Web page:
CHIQUITA THE BANANA
CHICKEN OF THE SEA MERMAID
THE GEICO GECKO
The origins of Aunt Jemima begin in 1889 in St. Joseph, Missouri, when the owners of Pearl Milling Company, Chris L Rutt and Charles G. Underwood, created the world’s first ready-made pancake mix. To advance the novel pancake mix, Rutt named the product after a song name from a minstrel show highlighting performers wearing an apron and bandanna headband singing “Old Aunt Jemima.”
Aunt Jemima’s image was registered as a trademark in April 1890 until later that year, Aunt Jemima’s rights were sold to the R. T. Davis Milling Company. The R.T. Davis Milling Company hired the first woman to play Aunt Jemima — an unidentified actress in St. Joseph in 1891. From 1891 to the 1960s, dozens of women were hired to portray Aunt Jemima, many of whom were featured in advertising campaigns based on the fictitious story of Aunt Jemima.
Following the 1893 World’s Fair, R.T. Davis Milling Company published a booklet in late 1895 presenting a “Life History of Aunt Jemima.” The booklet’s imagery and details were fictional and derived from Purd Wright’s imagination, its publicity director. James Webb Young of the J. Walter Thompson Advertising Agency organized later campaigns in the 1910s and 20s’ that extended Aunt Jemima’s fictions and intended to invoke a nostalgic vision of the Old South.
In 1968, due to the controversial nature of Aunt Jemima portrayed as a stereotypical black “Mammy,” the Quaker Oats Company replaced the kerchief on the Aunt Jemima character’s head with a plaid headband. Again in 1989, they added pearl earrings and a lace collar to Aunt Jemima. In June 2020, Quaker Oats announced it would drop the Aunt Jemima name and change the packaging and acknowledged that Aunt Jemima’s origins were “based on a racial stereotype.”
PILLSBURY DOUGHBOY – POPPIN’ FRESH
Whoo-hoo! The squishy, lovable, ok-adorable Pillsbury Doughboy’s name is Poppin’ Fresh, was born on March 18, 1965. Rudy Perz a copywriter working on the Pillsbury account for Leo Burnett advertising agency in Chicago, IL came up with the idea for the brand mascot, who would pop out of a can of refrigerated dough. The character was named Poppin’ Fresh—a nod to the product’s quality and freshness. Perz came up with the idea while testing out Pillsbury dough in his own kitchen. The Doughboy’s first commercial aired on November 7, 1965. The Doughboy was born when he popped out of a can of dough, and said his first words, “I’m Poppin’ Fresh, the Pillsbury Doughboy!” Did you know the Pillsbury Doughboy has a wife, Poppie Fresh, two little kids straight out of the oven, Popper and Bun Bun, and Flapjack and Biscuit (the Fresh family’s dog and cat)? No way? Woo-hoo! Way.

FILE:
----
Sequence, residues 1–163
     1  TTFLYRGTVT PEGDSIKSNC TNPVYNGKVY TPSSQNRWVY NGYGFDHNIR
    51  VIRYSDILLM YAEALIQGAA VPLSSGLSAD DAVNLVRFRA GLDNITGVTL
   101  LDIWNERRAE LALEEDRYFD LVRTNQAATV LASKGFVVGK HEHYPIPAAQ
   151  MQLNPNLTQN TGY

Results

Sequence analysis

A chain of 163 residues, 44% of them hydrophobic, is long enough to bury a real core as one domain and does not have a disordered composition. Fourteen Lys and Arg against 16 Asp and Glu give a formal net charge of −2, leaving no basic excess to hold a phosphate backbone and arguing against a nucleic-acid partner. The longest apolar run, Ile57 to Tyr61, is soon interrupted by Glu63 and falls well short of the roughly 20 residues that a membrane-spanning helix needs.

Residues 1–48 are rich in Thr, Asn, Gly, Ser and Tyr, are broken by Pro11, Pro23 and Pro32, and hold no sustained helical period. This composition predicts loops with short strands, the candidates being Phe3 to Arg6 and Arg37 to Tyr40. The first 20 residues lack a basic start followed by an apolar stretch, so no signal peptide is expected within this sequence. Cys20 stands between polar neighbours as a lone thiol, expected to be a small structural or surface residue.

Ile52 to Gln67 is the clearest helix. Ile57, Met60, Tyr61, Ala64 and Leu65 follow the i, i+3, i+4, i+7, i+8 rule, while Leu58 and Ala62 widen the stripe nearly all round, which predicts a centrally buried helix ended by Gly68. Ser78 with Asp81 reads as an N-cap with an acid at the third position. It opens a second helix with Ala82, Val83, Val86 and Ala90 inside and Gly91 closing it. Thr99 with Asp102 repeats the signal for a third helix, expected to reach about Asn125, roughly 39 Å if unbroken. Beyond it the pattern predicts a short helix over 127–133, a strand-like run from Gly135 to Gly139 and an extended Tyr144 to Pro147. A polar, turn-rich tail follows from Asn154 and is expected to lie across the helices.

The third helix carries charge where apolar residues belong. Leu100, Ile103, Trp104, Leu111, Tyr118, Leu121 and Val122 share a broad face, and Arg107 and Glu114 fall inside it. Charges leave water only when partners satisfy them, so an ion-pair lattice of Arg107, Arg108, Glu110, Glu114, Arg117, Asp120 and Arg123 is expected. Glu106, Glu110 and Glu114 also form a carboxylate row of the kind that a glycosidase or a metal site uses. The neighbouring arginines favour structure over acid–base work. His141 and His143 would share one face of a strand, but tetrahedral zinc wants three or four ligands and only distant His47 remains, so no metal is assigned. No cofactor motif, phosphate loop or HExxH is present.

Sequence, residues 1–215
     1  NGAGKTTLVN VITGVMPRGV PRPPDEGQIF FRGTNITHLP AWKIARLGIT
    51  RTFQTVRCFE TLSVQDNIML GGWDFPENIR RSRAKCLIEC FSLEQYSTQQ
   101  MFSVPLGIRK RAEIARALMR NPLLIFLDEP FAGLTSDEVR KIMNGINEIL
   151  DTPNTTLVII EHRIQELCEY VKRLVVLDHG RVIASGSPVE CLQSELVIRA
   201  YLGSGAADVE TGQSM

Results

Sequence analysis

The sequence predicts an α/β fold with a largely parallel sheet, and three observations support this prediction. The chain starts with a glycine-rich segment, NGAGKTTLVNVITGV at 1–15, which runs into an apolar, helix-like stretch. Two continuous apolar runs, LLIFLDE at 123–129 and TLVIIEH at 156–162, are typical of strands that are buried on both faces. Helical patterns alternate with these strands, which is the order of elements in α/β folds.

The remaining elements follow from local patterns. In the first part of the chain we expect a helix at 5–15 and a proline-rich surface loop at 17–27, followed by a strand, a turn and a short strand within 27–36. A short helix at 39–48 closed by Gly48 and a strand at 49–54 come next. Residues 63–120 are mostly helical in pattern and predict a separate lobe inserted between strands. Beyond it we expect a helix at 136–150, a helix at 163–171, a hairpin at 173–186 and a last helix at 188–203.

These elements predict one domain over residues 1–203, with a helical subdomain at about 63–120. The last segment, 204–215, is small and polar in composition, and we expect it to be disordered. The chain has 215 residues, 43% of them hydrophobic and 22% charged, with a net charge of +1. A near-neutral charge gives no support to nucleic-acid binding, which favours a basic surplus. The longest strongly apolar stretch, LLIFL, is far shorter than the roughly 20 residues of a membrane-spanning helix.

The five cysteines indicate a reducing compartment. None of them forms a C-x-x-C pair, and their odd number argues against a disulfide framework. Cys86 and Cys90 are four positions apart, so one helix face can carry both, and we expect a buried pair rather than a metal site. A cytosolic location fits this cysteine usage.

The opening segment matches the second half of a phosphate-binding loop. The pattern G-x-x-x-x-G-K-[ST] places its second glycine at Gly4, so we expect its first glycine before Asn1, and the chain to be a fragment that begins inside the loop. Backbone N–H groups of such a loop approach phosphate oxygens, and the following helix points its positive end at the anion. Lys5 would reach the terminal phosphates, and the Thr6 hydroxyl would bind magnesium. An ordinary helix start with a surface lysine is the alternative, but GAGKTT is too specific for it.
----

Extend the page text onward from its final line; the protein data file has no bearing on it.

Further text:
Way back in 1894, W.K. Kellogg created breakfast cereal and opened the Battle Creek Toasted Cornflake Company–and have introduced more quality cereal than most Americans may realize. Thanks to Kellog’s, the world changed for good, including the introduction of Cornelius ‘Corny’ Rooster. He has been the mascot, spokes character, and overall ad icon for Kellog’s Cornflakes since 1958. We think that’s something to ‘crow’ about.
LAND ‘O LAKES BUTTER’S NATIVE AMERICAN GIRL
The world loved Little Debbie from the moment she appeared on August 23, 1960, when McKee Foods founder O.D. McKee added the name and image of his 4-year-old granddaughter, Debbie, to their packaging. Inspired by a photo of Debbie in play clothes and her favorite straw hat, O.D. decided to use the name Little Debbie® and the image of her on the logo. Debbie, whose real name is Debbie McKee-Fowler, is all grown up today and is the EVP of the company that makes delicious cookies, cakes, and snack confectionaries.
TONY THE TIGER®
Tony the Tiger is the iconic advertising cartoon mascot for Kellogg’s Frosted Flakes cereal since 1952, and he’s going strong today–guess you might say he’s GRRREAT! Note: There are relatively few people who have had “the voice,” marked by a distinct tenor and tone that is easily recognizable but one such man did. He was singer/actor Thurl Arthur Ravenscroft, the longtime voice of Kellogg’s Tony the Tiger®. When Ravenscroft died in 2005, he was replaced by Lee Marshall until 2014, and thanks to him, in part, Tony is adored the world over.
THE COPPERTONE GIRL
In 1906, Planters Peanut Company was founded by Mr. Obici with his friend and business partner, Mario Peruzzi in Wilkes-Barre, PA. 1916 was the year Mr. Peanut was born following Planters’ contest seeking a brand icon. A schoolboy, Antonio Gentile, submitted his sketch for Mr. Peanut and won the competition. A commercial artist further stylized Mr. Peanut with a top hat, a monocle, and a cane. In 1918, Planters advertised the “Saturday Evening Post,” thus becoming the first roasted nut ever advertised. Starting in the 1950s, Mr. Peanut debuted on his first television commercial. In the 1960s, Mr. Peanut was a star at the New York World’s Fair. Though he’s changed a bit over the years, take our word for it, this is one peanut who knows his way around town. Everyone is nuts for Mr. Peanut worldwide.
On November 15, 1969, Dave Thomas opened his first Wendy’s restaurant in Columbus, Ohio, at 257 East Broad Street. In no time, America fell in love with the quick-service chain soon known for its square beef patties, made from fresh beef, and iconic Frosty® desserts. Wendy’s is also named after a real person: Wendy Thomas, the daughter of Wendy’s founder, Dave Thomas. She has also been the face of the iconic Wendy’s brand for over 50 years. Atta girl, Wendy–keep carrying on the magnificent legacy your father began. America is honored to know you.